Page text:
A group called the Institute for the Future - what a name, right? - is smart enough to know that it can't actually predict what will happen in 2021. But the group can use our existing knowledge of science to pose interesting "what-if?" questions about where advances in science and technology will take us in the next 10 years, which really is an eternity when it comes to these topics.
That's the real point behind the group's new super-visual report, called "The Future of Science: 2021," (PDF) which you can see above and view in more detail on the IFTF website (you have to really zoom in to read all of it). This may sound like it's coming out of a cheesy "Star Trek" episode, but by questioning what the future can be, we can help shape what it will be, the group says.
Here's their explanation of the project:
Think of "A Multiverse of Exploration: The Future of Science 2021" as a star chart of possibility, pointing the way toward opportunities for wonder, knowledge, and insight. Use it to raise questions about how your life and work may change in light of the startling transformations that science may bring about in the next ten years. Indeed, every forecast could be rephrased as a "what if" question. What if you could record your dreams? What if you could design a life form? What if you could launch a company in orbit? Your answers to those questions can help inform decisions in the present. Inside this map, you'll find plenty of space to think.
And here's a bit more from the report on what kinds of trends we may see emerge in the next decade (note: no flying cars?!)
Invisibility cloaks. Space hacking. Quantum consciousness. Open-source biology. Empowered with new tools, processes, and skills, scientists will gain new insight into the mysteries surrounding our brains, biology, and the strange matter that makes up our reality. We will develop powerful new instruments for gazing at the farthest reaches of space and descending into the deepest oceans, further illuminating our place in the universe.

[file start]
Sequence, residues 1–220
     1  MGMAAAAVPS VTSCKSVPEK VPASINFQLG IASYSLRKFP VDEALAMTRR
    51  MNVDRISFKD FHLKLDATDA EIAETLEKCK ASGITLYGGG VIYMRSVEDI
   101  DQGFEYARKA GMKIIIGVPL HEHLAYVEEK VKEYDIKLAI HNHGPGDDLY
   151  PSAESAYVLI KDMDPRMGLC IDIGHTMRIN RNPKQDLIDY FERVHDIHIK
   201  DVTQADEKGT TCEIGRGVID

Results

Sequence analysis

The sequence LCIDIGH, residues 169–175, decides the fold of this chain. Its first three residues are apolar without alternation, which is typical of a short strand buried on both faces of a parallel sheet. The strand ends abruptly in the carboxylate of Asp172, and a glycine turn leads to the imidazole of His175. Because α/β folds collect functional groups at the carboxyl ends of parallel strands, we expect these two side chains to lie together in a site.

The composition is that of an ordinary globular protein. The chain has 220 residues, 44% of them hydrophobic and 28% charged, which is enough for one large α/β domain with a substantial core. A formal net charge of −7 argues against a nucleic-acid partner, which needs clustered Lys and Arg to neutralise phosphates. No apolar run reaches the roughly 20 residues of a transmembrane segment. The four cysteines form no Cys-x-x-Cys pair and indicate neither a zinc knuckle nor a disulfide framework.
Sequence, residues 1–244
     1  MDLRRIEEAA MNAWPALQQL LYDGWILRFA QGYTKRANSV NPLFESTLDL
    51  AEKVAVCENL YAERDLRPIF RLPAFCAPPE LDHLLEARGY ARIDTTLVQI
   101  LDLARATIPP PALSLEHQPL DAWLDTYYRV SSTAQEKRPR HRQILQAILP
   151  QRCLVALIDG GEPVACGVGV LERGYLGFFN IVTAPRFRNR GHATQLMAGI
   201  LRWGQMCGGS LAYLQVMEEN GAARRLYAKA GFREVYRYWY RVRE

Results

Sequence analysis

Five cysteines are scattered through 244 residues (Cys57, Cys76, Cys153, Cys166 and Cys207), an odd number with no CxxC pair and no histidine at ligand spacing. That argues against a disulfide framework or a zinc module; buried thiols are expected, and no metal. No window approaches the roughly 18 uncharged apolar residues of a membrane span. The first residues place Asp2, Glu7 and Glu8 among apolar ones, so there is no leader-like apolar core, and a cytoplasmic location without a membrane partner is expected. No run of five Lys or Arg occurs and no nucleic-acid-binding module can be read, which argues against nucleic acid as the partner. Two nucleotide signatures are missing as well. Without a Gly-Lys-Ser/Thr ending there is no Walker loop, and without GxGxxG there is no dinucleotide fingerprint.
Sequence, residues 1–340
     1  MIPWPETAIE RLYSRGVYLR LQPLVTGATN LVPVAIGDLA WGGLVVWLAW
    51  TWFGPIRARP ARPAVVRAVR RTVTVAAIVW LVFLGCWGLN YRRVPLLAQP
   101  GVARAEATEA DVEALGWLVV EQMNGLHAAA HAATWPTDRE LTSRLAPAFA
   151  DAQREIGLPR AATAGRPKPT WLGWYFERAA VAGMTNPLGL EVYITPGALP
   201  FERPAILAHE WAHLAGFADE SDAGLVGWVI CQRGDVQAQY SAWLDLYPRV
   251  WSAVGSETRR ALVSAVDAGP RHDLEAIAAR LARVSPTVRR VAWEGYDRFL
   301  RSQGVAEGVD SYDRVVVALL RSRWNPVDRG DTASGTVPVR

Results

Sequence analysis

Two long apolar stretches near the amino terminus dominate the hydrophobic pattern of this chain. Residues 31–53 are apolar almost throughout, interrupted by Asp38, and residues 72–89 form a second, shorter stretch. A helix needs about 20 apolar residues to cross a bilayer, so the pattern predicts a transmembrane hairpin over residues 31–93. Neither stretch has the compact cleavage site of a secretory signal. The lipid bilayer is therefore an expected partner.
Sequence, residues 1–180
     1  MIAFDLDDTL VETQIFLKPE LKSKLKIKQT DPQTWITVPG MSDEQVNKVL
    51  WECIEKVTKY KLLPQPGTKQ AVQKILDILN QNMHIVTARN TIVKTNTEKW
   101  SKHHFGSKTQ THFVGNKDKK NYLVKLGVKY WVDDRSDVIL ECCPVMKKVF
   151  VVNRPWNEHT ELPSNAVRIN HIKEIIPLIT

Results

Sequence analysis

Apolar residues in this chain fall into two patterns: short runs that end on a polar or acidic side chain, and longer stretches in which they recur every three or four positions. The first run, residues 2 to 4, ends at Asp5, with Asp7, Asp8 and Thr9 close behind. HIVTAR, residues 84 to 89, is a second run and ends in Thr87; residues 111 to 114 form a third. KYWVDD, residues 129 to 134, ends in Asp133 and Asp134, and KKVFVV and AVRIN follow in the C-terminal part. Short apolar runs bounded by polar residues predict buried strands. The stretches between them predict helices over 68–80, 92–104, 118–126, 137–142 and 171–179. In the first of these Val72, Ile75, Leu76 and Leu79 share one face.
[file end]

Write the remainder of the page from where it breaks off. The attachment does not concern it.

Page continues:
Not only will our knowledge increase but the way science is done will change in profound ways. A new ecology of science will crystallize, one that shifts from the insular and closed structures of academic, industrial, and military research toward open models based on social connection, data commons, and democratized tools and technology. We will create unprecedented opportunities for collaboration and resource sharing between large organizations, communities, and individuals. This radical reimagining of science will supplant current approaches to R&D and inevitably translate into new technologies as well as new organizational structures.
If you get a chance to check out this "star chart" for the future, let us know what you think in the comments. Does any of this seem plausible? Inevitable? What future-y trends did they leave off?
We'll update the post with interesting comments as they come in.